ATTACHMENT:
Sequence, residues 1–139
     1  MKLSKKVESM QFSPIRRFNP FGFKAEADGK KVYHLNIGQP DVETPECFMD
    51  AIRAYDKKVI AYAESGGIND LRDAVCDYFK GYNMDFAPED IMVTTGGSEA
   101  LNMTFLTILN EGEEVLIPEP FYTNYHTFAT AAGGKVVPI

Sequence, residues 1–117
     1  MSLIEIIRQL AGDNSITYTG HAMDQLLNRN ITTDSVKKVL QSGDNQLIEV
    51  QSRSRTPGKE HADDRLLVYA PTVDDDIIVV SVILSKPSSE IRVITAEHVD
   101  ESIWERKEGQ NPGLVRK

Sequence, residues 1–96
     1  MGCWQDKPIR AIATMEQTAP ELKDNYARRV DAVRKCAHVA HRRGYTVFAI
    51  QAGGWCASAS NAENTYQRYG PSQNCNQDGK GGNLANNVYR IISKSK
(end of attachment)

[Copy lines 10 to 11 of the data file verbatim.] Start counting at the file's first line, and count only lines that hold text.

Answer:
     1  MGCWQDKPIR AIATMEQTAP ELKDNYARRV DAVRKCAHVA HRRGYTVFAI
    51  QAGGWCASAS NAENTYQRYG PSQNCNQDGK GGNLANNVYR IISKSK